After a successful first evening in Marrakech (outlined here and here), I was excited about our first full day of exploring that was going to be spent touring more of the city with a private guide, again booked through withlocals.com, and an afternoon spent at a Moroccan Hammam (spa). Then, that evening we were going to enjoy a meal at one of the many recommended rooftop restaurants. All good right?
How quickly things went wrong.
I had booked the “Best of Marrakech: Highlights and Hidden Gems Tour,” which was going to take us outside the walls of the Medina – good because we had done inside the walls the night before. It was slated to be a 4-hour walking tour with 10 stops along the way. On the withlocals.com website, you can pick your guide and I selected Redouan. He had good reviews and lots of experience, so it seemed like a perfect choice.
It. Was. Not.
It didn’t take long after we arrived at the starting point outside of the Koutobia Mosque (the starting point for most tours) for John and I to start exchanging looks with each other like, “What is happening?” Redouan was more like a teacher, talking and then quizzing us afterwards. We were listening and nodding and appropriately interacting with him…and yet, as he started the tour he would take long pauses and stare at us. It almost seemed like he wanted us to repeat back what he said or be over-the-top enthusiastic and when we didn’t, he would look at us like we were stupid or stop talking in general. It was honestly, the most uncomfortable tour I have ever been on. As we were walking to our first stop – the Jewish Quarter of Mellah (the heart of trading in Marrakech), John and I had already decided we were going to cut this tour short. After his half-hearted explanations during stops in the Mellah and a spice souk, we were over this tour. Sadly, I don’t know any of what he said to us…because it really wasn’t much of anything. By the time we made it to the Bahia Palace, I was near tears. It was the worst tour ever.
Thankfully, John took charge and told him we were just going to continue on our own and the tour was done. As soon as he walked off, the tension was gone, and we could actually enjoy ourselves instead of being super uncomfortable. (As a side, when I wrote my review on withlocals, I was contacted by them immediately with an apology and a refund. I didn’t ask for one, so the fact they sent it was surprising and welcoming. I would use them again…I would just stay far away from Redouan).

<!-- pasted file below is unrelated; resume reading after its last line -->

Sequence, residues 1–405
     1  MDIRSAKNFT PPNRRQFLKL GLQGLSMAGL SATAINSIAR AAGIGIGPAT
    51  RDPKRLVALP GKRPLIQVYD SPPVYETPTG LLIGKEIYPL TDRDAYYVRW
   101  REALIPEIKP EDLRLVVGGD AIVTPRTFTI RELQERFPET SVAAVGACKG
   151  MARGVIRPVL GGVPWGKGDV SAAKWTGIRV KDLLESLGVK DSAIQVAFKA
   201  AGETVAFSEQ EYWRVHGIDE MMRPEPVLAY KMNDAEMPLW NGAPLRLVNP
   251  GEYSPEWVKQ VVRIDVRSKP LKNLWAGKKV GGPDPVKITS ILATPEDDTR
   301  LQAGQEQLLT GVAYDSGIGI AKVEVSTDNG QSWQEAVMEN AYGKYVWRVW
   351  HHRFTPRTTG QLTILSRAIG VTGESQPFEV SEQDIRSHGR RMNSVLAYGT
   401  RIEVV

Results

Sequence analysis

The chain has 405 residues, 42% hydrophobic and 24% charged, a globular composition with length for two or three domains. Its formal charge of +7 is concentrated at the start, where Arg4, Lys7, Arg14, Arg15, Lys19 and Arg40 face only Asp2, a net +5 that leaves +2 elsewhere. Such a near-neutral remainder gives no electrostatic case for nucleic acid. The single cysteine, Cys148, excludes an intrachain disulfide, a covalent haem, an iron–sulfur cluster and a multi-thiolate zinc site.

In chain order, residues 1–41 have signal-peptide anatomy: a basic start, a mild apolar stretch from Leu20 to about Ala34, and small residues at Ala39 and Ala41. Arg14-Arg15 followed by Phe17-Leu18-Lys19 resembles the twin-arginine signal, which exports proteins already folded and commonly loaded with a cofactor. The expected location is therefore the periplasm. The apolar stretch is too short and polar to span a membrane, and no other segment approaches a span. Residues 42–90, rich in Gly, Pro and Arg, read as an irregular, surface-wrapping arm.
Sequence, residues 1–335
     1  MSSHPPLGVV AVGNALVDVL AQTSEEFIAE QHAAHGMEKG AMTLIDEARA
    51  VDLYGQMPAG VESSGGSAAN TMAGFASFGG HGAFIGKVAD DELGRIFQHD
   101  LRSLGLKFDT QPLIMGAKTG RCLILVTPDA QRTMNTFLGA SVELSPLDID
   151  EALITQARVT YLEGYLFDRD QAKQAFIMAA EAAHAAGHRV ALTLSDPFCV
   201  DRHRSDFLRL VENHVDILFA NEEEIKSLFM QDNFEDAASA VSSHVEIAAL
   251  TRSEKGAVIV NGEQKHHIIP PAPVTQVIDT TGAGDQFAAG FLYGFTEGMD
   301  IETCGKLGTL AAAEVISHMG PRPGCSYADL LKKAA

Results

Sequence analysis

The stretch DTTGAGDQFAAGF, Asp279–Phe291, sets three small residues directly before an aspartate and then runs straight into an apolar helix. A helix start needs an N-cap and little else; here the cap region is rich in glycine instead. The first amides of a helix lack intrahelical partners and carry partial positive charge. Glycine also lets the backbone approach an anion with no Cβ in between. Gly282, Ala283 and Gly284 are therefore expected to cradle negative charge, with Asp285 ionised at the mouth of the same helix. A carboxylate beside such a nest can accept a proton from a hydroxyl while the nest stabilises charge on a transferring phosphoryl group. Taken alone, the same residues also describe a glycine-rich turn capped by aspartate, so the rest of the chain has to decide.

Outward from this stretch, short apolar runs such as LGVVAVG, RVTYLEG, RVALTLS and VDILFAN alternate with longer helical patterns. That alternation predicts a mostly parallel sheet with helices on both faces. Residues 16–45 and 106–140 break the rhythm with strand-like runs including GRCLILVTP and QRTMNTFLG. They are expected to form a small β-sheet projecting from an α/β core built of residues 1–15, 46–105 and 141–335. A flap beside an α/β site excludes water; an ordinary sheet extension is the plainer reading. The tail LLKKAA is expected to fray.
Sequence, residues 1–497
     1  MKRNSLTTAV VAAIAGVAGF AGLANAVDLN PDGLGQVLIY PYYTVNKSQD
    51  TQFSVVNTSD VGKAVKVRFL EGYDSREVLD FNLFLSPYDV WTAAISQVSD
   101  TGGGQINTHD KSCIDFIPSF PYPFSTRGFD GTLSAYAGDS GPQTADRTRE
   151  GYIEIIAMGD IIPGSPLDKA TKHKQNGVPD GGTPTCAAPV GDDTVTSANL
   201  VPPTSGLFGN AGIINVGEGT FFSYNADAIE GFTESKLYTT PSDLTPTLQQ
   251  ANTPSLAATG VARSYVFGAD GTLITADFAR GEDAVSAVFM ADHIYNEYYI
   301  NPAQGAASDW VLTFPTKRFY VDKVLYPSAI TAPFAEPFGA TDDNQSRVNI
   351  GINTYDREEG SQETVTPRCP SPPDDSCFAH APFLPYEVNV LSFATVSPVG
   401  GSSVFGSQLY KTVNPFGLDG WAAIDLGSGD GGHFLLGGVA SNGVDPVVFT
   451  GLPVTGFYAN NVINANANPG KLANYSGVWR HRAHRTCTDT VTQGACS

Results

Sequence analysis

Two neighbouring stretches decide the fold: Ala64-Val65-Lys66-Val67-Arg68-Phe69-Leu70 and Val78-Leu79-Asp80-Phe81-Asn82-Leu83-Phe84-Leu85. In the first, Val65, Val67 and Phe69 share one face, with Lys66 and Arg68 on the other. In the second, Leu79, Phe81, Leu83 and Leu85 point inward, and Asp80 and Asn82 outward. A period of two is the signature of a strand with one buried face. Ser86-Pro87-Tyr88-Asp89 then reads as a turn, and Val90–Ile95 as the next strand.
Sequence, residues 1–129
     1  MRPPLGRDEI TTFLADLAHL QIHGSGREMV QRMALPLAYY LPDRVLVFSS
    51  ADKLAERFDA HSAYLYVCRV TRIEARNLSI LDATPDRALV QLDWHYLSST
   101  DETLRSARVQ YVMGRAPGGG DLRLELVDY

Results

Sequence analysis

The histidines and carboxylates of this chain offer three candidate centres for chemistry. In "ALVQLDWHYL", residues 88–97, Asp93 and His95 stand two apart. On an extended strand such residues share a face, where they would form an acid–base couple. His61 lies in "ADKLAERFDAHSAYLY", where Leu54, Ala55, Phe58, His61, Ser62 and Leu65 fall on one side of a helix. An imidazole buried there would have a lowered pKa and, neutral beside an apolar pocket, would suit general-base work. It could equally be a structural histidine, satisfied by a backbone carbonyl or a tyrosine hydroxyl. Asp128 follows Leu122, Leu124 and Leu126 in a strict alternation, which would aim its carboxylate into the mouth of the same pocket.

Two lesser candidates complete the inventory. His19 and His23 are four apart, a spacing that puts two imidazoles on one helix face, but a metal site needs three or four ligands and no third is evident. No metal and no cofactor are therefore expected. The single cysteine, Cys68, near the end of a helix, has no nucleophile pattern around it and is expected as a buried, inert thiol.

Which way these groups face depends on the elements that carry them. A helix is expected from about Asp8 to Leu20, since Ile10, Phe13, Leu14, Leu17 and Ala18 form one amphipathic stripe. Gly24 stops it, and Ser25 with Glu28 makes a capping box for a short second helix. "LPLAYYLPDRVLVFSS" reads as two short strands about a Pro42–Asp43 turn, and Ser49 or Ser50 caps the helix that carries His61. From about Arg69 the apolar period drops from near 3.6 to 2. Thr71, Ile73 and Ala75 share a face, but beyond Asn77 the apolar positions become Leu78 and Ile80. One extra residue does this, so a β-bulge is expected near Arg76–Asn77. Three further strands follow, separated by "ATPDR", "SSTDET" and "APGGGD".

We continued our tour of the Bahia Palace – but it’s completely empty and has no descriptive signs. A informational guide is definitely needed to tour it. We walked around, took some pictures and decided we were going to go back to the Riad, regroup and not let the morning ruin the rest of the day.
We did get lost on our way back to the Riad, but surprisingly, even as we were walking through a construction zone and were the only tourists around, no one bothered us. I felt completely safe at all times.
Once back at the Riad, we enjoyed our afternoon tea and cakes and relaxed in the Riad before it was time for our Hammam. I had originally booked one myself, but after speaking with our Riad owner, he booked us an appointment at a Hammam near us that had equally good reviews but for half the price. I didn’t ask ahead of time, but it was quite an interesting surprise when we discovered the name of the spa was, “ISIS.”
A typical Moroccan Hammam is a public bath that is separated by gender. You’re completely naked, in an open steam room, where you will get rinsed, exfoliated with black soap and then massaged. Thankfully, the Riad owner gave us advice on what to bring ahead of time because otherwise we would have been ill-prepared. The spa gives you a robe and flip-flops (normally), but it’s important to bring a change of clothes and underwear (I chose not to be completely naked, as did John, and so we had to bring extra undergarments. Better planning, I would have bought a two-piece bathing suit instead.) Also, have a brush and toiletries because every part of you gets scrubbed and your hair will be soaking wet.
I’m still very American in that getting naked in a room full of people isn’t my thing, so I booked a private Hammam for John and I. Which, in the name of modesty is still a little exposing – our lady went to town during the exfoliating part and not one part was left with the layer of skin we came in with. I had asked her to skip my feet because I am ridiculously ticklish…and I think she got a giddy pleasure out of watching me jump after she accidentally swiped my foot. It was for sure an experience and I would totally recommend it (and the ISIS spa). My skin has never been so soft, and it was a nice relaxing afternoon…even with the crazy scrubdown.
That night I had booked dinner at Nomad, a rooftop restaurant a lot of blogs I read recommended, but we were a bit spoiled the first evening and the food just wasn’t very good. The view was great, and I would recommend a pre-dinner drink and then going somewhere else for food…except there are very few restaurants where alcohol is served and this isn’t one of them. Either way, save your time and money. We ended up not finishing our plates and went back to the restaurant from the day before. Totally worth it.
Final impressions: Day two didn’t start as planned, but that wasn’t Marrakech’s fault. The Hammam was fantastic and while the initial dinner plans weren’t the best, the view was and it was followed up by a delicious dinner. I was super excited for the last full day – the famed Marjorelle Gardens and Camel Rides!!